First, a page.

Tuesday, July 25, 2017

Adventures in Six

I dabble in 6 meters, but it's never been a passion like Satellites have for me. Like in the AMSAT world, one of the ultimate goals of a 6 meter op, is getting the 488 grids in the continental US confirmed. In the 6 meter world, this is known as the Fred Fish Memorial Award (FFMA) and there is an entire sub-culture of Ham radio operators dedicated to just this thing. There are rovers that travel to some of those rare grids for 6 meter operations, just like there are on Sats. Therefore, I pay close attention to what's happening in the 6 meter world, cause you never know when you'll have a cross-mode rover somewhere.

Before this summer, all the 6 meter contacts I've ever made myself have just been for a laugh. I'll make them on the whip in my Jeep while driving thru the country, or I'll take a dipole to a SOTA peak during a big opening, things like that. This spring though I decided to up my game just a smidge, and built a Moxon. I had plenty of wire, and after seeing some 'stressed' leg designs, I figure I could do something out of some spare parts I had lying around the shop. I fired up a Moxon Calculator and went to work. A few hours later the project was finished, and I just needed to wait for the epoxy to dry. The next day I set it up on my push up fiberglass mast, and was pleased to see the calculator was almost spot on, giving me < 1.3:1 from 50mhz to about 51mhz. And then, as promptly as it went up, it came back down again.. waiting for the right time for it to be deployed..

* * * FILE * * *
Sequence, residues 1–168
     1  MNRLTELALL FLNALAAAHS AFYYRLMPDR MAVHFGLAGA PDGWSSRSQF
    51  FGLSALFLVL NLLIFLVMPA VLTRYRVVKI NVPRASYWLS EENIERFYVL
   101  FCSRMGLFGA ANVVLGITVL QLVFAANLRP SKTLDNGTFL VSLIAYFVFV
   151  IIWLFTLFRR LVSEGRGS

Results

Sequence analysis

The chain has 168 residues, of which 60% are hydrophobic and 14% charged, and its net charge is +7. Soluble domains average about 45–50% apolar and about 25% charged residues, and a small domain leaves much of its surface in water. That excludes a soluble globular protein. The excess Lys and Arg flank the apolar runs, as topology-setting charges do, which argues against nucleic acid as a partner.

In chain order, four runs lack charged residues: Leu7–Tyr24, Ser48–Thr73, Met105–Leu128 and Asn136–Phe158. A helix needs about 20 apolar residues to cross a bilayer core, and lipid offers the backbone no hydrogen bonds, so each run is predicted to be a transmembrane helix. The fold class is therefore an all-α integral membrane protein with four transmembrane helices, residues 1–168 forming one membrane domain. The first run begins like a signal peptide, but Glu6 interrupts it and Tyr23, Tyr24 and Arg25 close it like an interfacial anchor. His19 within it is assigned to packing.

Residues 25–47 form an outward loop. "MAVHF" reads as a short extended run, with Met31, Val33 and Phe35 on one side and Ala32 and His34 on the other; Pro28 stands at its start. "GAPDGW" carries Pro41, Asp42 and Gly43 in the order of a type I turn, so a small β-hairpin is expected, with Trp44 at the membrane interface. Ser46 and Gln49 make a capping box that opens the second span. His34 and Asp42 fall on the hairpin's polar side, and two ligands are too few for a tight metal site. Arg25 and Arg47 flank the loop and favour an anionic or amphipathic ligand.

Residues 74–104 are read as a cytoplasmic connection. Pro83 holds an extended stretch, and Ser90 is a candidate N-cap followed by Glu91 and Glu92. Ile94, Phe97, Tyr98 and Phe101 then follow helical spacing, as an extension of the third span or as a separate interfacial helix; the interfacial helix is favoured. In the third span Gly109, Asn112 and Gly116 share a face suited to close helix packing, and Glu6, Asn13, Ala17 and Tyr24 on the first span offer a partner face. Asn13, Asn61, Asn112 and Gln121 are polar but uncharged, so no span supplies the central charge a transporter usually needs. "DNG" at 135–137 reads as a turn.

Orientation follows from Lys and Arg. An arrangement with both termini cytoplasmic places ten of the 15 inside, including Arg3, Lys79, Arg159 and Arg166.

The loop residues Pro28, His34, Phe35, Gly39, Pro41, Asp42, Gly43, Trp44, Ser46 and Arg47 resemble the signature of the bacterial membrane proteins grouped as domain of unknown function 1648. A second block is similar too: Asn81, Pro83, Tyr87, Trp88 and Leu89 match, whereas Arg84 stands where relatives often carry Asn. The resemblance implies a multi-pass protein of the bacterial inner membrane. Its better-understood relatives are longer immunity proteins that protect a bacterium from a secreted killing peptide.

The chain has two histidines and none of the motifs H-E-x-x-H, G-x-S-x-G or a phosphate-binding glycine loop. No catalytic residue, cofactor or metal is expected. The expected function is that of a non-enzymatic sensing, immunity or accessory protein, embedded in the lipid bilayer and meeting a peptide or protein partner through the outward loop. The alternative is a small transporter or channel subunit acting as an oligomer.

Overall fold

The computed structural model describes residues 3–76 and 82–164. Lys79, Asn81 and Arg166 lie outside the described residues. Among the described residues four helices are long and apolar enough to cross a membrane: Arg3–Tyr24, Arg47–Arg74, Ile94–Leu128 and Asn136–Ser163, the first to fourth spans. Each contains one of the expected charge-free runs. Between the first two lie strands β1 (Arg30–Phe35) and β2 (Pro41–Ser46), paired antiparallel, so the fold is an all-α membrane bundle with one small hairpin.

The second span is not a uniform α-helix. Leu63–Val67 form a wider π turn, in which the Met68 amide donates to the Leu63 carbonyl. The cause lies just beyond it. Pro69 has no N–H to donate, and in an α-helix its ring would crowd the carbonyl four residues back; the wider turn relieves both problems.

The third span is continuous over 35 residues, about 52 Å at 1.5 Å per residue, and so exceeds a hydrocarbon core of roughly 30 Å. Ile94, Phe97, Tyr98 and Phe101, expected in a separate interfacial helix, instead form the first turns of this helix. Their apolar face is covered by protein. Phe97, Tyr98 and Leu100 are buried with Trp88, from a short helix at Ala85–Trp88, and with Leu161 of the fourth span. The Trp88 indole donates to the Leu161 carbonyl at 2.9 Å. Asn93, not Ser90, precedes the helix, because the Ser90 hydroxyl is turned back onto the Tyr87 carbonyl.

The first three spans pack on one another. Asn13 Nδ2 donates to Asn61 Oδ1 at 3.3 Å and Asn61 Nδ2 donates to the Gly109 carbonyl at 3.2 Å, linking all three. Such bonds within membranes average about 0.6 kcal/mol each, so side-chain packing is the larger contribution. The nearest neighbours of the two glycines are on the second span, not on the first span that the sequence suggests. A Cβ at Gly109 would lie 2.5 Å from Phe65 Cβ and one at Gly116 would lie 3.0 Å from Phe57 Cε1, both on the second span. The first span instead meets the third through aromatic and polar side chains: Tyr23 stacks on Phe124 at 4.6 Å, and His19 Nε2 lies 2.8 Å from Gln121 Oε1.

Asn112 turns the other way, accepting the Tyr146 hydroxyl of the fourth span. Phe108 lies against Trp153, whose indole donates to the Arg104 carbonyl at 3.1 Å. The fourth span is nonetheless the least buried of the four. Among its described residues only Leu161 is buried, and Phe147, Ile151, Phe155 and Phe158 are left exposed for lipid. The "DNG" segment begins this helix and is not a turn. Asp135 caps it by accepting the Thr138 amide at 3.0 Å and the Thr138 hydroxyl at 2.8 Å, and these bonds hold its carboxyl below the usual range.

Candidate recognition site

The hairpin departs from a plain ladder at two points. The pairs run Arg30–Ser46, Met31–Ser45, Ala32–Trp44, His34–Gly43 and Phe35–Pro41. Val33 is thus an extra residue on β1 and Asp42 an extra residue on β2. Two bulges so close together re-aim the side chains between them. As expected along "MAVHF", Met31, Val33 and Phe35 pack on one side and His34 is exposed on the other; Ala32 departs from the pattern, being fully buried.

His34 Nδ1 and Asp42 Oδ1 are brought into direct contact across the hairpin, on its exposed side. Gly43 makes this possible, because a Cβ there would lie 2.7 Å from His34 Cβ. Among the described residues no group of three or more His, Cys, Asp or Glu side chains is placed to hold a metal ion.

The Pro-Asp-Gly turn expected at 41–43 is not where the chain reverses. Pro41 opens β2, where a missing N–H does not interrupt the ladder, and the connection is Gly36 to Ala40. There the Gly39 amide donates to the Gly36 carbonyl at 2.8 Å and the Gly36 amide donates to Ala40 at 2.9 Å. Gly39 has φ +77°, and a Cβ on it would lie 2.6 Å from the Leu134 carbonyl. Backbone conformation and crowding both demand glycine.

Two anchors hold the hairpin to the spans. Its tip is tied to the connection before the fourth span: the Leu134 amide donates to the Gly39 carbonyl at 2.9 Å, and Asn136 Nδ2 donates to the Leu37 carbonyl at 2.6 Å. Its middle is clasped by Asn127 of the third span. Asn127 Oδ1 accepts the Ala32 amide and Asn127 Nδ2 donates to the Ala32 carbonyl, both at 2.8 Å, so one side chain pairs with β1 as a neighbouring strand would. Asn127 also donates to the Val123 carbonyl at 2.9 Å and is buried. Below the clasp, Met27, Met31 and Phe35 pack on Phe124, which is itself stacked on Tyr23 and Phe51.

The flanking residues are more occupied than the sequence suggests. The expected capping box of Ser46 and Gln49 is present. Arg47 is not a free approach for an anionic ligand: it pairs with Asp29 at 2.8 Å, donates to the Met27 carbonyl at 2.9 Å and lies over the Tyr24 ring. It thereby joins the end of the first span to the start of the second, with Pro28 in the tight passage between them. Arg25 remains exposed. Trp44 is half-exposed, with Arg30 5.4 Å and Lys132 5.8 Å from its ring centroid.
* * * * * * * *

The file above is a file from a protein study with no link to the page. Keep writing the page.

A little while later, just at the start of the Sporadic E season, the mailing list dedicated to the FFMA came to life. There are a handful of chasers that only need 3-4 more grids to complete their 488 list. There are another big group that only need 20-30 more grids. One of the gentlemen that was in that 20-30 category reached out to me, to ask about grid EM43, which is about 90 miles southeast. It's a grid I rove to probably once a year for Satellites, and I'm familiar with the area. This particular request was about 6 meters though, specifically the propagation type known as Meteor Scatter, using a digital mode called MSK144. I've messed around a bit with PSK31, and I'm no stranger to using computers to control my radios, but this was a new thing for me. This new mode required me installed a piece of software known as WSJT-X, and it contained several very interesting weak signal modes.

I slowly worked thru getting everything setup, and we set our first schedule on a Saturday afternoon from the house. It took a while (about 45 minutes) to make the QSO, but it was a success! Now I just need to find a time to get to EM43. Soon™ - I promise :)

Of course since I had the WSJT-X software now installed, I began exploring the other modes too. I discovered JT65, and was instantly hooked. I could make QSOs, via my remote station, while at work multi-tasking on project? Fantastic! Several very good openings in June netted a good number of QSOs, and as of the date of this blog, I have actually completed 6m VUCC, with a pretty massive help from the WSJT-X software.

6 Meters has been a good time time this summer. I got a new award, and made a fair number of fun new contacts.  My heart in this hobby still belongs to the Satellites, but once in a while, it's fun to take an Adventure to a different band, and see what fun you can have.

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